Why is Japanese knotweed so bad?
Learn which three traits make Japanese knotweed such a threat and what you can do if you have discovered knotweed near your property.
One of the questions we are most frequently asked is “Why is Japanese knotweed so bad?” It is one of the UK’s worst invasive species, but it didn’t always have this reputation. The Victorians celebrated knotweed for its Oriental aesthetics and bamboo-like appearance. They shared cuttings among one another and disposed of unwanted plants carelessly.
The spread of the plant continued through soil movement in the construction industry and was undetected until well into the nineteenth century, giving it plenty of time to get a firm grasp on UK soil.
So why do homeowners, business owners, and local authorities now spend millions every year trying to eradicate it? Why is Japanese knotweed so bad?
Why is Japanese knotweed so bad?
1. Knotweed can grow in a wide range of conditions
Knotweed’s strong, robust plant structure means it can thrive in a wide range of growing conditions. Soil pH or salinity has little impact on the growing rate of the plant, and it can survive temperatures as low as -35°C.
In built-up areas with limited soil availability or poor lighting it can exploit gaps in concrete and brick, taking root and causing structural damage to driveways, roads, and property foundations.
This can seriously affect the value of your home and influence your chances of getting a mortgage accepted.
2. It can grow up to 10cm a day in the summer
Japanese knotweed can grow at a phenomenal pace, reaching speeds of up to 10cm a day during the summer. As a result of this, it can quickly and easily overwhelm competitor plants in the near vicinity and threaten properties by taking root within foundations.
Individuals with Japanese knotweed on their premises have a legal responsibility to prevent the spread of the weed into neighbouring locations. Failure to stop the spread of Japanese knotweed onto neighbouring properties is an offence that can result in an Antisocial Behaviour Order (ASBO) and a fine of up to £2,500.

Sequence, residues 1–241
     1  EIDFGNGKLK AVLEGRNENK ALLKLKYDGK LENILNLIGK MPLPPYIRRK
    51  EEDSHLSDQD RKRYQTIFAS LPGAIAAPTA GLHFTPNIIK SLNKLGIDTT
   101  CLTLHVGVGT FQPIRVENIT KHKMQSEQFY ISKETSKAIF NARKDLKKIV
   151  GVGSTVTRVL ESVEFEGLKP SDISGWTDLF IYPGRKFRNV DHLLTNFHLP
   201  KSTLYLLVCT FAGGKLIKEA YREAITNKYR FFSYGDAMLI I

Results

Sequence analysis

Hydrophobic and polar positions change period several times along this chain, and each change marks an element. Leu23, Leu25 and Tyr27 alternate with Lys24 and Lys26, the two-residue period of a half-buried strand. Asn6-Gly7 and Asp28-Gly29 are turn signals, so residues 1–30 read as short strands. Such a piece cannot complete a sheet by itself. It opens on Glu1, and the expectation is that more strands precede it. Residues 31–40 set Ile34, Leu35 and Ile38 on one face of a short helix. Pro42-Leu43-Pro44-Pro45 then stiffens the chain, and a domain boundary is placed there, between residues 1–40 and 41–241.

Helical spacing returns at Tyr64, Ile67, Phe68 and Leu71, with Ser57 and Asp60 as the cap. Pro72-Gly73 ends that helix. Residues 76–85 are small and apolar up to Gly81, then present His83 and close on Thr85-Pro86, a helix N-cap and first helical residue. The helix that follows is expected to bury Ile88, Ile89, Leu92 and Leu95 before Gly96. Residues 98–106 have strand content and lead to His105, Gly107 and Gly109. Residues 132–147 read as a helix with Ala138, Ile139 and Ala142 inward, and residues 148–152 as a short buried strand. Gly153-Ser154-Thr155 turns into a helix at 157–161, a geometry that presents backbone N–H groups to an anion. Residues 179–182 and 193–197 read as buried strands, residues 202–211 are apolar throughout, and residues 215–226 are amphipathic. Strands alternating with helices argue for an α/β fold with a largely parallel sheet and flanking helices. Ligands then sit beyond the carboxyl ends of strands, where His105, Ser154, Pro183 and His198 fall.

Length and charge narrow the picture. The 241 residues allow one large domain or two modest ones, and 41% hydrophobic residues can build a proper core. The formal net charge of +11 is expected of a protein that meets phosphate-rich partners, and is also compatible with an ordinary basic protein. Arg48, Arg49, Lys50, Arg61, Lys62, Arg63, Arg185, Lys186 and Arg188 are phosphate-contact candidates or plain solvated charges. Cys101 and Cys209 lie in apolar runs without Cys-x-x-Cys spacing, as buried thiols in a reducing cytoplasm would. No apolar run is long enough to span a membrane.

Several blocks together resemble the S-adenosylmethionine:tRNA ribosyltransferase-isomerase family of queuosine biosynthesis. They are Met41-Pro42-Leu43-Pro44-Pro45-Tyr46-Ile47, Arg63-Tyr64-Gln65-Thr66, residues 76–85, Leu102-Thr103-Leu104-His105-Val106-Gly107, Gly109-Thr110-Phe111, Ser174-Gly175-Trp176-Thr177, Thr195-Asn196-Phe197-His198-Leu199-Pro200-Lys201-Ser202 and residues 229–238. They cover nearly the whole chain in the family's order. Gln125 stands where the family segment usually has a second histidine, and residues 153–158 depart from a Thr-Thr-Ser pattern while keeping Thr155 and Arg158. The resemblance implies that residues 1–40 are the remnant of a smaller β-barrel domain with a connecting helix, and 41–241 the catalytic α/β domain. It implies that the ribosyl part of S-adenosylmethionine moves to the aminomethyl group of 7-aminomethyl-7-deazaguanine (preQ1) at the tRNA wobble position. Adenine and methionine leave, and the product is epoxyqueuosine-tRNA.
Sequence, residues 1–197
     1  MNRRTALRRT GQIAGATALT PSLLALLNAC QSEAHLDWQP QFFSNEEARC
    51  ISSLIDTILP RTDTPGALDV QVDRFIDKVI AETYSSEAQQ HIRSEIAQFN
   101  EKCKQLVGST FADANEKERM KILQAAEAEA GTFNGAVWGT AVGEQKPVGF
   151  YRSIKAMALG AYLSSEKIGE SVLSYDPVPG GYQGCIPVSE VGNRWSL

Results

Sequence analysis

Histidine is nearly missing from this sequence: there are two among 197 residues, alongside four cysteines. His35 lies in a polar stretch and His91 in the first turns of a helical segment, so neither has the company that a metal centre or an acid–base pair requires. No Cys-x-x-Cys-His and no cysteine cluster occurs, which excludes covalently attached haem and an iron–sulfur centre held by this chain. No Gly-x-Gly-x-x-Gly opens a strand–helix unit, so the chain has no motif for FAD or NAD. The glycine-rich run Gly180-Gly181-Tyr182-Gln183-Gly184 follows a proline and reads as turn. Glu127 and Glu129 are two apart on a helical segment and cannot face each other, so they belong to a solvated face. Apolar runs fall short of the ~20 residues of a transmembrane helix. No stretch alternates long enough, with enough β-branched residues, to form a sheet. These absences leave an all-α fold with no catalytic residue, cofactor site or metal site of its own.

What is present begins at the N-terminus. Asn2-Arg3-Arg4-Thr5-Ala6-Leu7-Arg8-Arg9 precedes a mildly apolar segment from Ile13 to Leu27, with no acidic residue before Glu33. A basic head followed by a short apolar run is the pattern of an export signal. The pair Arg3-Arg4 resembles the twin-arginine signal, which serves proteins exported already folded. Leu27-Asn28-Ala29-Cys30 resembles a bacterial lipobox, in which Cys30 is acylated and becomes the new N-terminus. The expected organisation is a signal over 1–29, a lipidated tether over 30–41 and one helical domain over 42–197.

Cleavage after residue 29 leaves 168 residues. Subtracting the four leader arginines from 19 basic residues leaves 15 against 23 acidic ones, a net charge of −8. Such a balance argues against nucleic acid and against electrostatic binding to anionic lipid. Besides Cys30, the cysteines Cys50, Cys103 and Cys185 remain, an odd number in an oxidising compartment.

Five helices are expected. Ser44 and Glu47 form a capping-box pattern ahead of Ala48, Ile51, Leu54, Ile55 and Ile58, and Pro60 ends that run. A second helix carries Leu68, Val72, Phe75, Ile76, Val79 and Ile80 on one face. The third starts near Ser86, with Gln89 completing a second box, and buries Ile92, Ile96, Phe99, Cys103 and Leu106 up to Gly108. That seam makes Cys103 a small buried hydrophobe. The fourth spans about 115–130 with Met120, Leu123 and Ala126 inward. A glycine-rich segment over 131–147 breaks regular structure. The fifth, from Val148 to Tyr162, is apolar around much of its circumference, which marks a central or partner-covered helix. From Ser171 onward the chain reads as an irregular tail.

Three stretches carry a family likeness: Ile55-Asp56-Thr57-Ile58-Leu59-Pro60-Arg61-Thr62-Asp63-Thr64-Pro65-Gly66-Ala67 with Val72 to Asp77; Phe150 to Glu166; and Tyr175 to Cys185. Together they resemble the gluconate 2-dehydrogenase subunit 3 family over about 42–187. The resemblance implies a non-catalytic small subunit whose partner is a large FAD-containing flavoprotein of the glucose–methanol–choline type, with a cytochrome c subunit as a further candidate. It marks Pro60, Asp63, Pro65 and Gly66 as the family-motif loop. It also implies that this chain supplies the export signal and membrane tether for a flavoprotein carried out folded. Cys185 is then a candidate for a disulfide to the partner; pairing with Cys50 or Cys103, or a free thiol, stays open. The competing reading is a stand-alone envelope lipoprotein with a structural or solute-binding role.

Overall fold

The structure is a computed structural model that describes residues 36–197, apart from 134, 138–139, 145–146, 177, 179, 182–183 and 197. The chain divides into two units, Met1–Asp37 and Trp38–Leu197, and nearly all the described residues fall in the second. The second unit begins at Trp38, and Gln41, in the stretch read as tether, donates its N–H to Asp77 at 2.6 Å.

3. Its roots can extend up to 7 metres outwards
Japanese knotweed grows extensive root systems up to three metres deep and up to seven metres in all other directions. This makes removing the roots a difficult and labour-intensive task.
If any small portion of the plant is left in the soil, even a few inches, it can very quickly re-sprout. Only killing the entire underground root system will guarantee the eradication of the plant.
What to do if you discover knotweed on your property
Japanese knotweed is classed as “controlled waste” under the Environmental Protection Act of 1990 and must only be disposed of into licensed landfill sites to stop further spread.
Any attempts to remove knotweed should therefore be carried out by licensed professionals. A range of treatment options are usually available for controlling or permanently eradicating the knotweed from your premises.
Don’t be threatened by Japanese knotweed. Disposing of this plant is not an easy task but with proper treatment and professional help it can be permanently removed from your premises.
If you suspect you have knotweed and are uncertain or anxious about how to proceed, we can come and take a look for free – no obligations. If you enquire now, we can be with you in less than 48 hours. We’re here to help.